Tuesday, 27 December 2016

Read the Nobels 2016 – The Summary


One of the reading challenges for which I signed up in January without giving it a second thought is Read the Nobels 2016 hosted by Aloi aka the Guiltless Reader on her blogs Guiltless Reading and Read the Nobels. Now the New Year’s Eve celebrations are already around the corner (time flies!) and because only one last review will be going online in 2016, moreover one that isn’t relevant for this challenge, the moment has come to take stock of the writings from the pen of en-NOBEL-ed authors that I was able to add to my list of over 200 reviewed books here on Edith’s Miscellany.

My reviews for Read the Nobels 2016 are also contributions to Aloi’s perpetual Read the Nobels challenge although I haven’t yet re-published all of them on the official blog where any participant with a google account and author rights (granted by Aloi upon request) can post suitable reviews. During the past four years I reviewed no less than 43 books by 42 (of 113) laureates of the Nobel Prize in Literature (»»» see my post for Read the Nobels with the complete list of winners and links to all my reviews) on my two book blogs Edith’s Miscellany and on Lagraziana’s Kalliopeion.

Compared to previous years I cut down the number of my Nobel reads, but I still reviewed six of them as planned and took great pleasure in it. Much to my regret, 2016 was the first time that the books were all written by men. The reason is that in its long history the prestigious award went only to fourteen women (»»» read my feature Thirteen Nobel Women of Letters and the Relativity of Statistics from December 2013) and so far I refrained from picking for review a second book by the same author. I already presented books by ten en-NOBEL-ed women and the remaining four (Gabriela Mistral, Nelly Sachs, Wisława Szymborska, and Svetlana Alexandrovna Alexievich) didn’t or don’t write novels.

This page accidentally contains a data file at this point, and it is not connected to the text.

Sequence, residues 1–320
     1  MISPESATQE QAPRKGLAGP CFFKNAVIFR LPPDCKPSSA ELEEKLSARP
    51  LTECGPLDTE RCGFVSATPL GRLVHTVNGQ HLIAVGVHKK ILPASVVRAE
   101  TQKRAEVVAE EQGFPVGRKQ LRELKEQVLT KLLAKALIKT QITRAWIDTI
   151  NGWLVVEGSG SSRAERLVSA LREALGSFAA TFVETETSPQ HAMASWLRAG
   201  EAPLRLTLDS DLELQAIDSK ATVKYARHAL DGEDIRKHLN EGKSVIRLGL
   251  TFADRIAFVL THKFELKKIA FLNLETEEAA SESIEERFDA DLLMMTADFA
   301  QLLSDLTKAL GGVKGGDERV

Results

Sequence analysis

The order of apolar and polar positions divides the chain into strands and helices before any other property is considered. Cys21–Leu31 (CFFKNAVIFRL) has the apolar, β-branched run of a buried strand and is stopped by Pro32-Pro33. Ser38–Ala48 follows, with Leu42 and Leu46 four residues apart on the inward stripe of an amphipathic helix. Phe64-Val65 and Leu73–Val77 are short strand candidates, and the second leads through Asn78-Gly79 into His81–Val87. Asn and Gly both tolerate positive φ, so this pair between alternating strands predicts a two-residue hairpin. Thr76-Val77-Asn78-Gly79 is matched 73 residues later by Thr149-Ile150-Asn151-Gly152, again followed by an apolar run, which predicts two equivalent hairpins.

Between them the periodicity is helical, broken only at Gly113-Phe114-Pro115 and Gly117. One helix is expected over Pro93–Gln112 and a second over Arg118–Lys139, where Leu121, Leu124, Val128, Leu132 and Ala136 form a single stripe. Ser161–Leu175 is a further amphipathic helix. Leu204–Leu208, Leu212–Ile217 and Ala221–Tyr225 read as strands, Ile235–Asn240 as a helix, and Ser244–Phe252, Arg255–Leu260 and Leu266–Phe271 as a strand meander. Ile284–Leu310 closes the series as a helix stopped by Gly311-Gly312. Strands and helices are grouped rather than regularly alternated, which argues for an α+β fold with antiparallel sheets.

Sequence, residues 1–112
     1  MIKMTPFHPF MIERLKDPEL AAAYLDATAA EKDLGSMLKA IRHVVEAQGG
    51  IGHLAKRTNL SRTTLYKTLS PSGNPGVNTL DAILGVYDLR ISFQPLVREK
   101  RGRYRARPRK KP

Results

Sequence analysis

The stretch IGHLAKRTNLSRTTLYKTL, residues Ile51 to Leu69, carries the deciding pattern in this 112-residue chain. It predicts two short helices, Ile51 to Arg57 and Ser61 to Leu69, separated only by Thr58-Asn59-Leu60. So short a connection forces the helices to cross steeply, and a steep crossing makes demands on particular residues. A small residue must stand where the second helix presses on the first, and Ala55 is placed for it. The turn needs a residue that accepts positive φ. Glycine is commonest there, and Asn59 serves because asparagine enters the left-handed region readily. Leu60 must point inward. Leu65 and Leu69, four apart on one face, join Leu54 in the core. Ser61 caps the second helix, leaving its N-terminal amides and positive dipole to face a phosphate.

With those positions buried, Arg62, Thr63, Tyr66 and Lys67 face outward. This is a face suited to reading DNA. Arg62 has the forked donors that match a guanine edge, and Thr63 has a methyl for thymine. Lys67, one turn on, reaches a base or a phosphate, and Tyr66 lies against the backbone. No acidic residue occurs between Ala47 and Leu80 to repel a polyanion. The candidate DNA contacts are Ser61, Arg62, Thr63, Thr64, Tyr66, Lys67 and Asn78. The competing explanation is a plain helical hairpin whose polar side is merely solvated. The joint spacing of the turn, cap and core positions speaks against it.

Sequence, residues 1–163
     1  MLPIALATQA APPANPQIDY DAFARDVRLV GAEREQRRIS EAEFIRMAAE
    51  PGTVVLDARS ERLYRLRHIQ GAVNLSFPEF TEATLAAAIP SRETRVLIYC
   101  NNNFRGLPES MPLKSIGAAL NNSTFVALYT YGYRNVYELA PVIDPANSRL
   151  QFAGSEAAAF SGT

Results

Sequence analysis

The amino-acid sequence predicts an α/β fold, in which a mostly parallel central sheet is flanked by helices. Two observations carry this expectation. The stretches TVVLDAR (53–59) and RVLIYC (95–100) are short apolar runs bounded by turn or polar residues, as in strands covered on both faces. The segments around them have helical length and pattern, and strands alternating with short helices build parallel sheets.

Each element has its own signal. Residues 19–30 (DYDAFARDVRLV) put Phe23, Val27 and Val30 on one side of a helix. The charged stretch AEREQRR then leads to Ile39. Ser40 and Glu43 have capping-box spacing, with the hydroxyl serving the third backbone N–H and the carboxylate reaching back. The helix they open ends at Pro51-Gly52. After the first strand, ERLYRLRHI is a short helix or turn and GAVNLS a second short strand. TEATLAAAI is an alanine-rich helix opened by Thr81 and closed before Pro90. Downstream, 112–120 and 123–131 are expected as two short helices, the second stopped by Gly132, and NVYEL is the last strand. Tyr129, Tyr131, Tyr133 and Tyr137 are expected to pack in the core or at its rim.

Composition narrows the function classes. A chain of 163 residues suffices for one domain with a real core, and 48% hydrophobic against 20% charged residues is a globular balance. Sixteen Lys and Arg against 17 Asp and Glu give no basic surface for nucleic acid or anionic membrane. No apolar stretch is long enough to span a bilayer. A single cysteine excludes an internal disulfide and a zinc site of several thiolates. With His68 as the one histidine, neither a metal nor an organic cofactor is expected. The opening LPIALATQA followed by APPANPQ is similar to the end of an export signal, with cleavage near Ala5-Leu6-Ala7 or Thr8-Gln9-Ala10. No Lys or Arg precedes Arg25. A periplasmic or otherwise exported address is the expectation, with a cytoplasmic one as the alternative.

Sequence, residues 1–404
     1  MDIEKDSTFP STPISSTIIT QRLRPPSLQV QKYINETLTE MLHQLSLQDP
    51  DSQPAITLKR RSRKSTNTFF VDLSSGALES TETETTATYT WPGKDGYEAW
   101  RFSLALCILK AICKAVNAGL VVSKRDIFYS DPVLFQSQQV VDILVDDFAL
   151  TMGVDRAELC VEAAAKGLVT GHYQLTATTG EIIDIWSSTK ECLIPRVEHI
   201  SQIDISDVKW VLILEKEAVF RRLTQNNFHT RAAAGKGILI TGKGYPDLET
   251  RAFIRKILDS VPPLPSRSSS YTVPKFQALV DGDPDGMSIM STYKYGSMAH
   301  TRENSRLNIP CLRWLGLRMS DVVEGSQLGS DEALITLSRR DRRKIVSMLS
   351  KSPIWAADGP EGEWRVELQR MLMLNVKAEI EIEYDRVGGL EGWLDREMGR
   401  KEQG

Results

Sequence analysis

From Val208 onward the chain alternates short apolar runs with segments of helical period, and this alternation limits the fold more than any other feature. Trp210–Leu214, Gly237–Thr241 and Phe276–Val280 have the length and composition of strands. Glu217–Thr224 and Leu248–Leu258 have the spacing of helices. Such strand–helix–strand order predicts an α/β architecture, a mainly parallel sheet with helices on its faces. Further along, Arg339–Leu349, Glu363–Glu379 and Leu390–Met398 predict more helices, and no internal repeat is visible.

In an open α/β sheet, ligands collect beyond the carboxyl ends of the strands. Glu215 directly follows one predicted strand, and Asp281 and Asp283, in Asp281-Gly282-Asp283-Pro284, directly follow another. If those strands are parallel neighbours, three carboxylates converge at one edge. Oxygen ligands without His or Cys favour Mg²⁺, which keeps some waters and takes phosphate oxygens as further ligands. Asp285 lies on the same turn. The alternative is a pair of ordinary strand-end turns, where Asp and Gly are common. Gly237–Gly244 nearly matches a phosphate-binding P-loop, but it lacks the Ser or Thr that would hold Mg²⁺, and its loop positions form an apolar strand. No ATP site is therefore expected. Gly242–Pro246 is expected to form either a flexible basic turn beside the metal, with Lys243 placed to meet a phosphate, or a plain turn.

Altogether, I stayed rather on the classic side. Except one from 1974, all reviewed novels were brought out between 1909 and 1955. Only two of the books were originally written in English, namely The Dark Flower by John Galsworthy and The Tree of Man by Patrick White. Satan in Goray by Isaac Bashevis Singer first appeared in Yiddish although later – when he lived in the USA – the author turned to always writing a “second original” in English. The original versions of The Hive by Camilo José Cela and The Monkey Grammarian by Octavio Paz that I read are Spanish. And it goes without saying that my edition of Royal Highness by Thomas Mann was in the original German since it’s my native language. Whenever I can, I avoid translations although I admit that there are a few truly ingenious translators out there and occasionally the one or other of them even succeeds in making the translation better than the original.

It’s difficult to say which of the six novels I liked best because much depends on how I feel. The top three probably are The Hive, The Monkey Grammarian and The Tree of Man – in alphabetical order! – because I almost always prefer the deep and thought-provoking or philosophical. The other three had less to offer in this respect without being light and shallow for it, and in addition, they didn’t particularly impress me on the levels of plot and language. More in my reviews!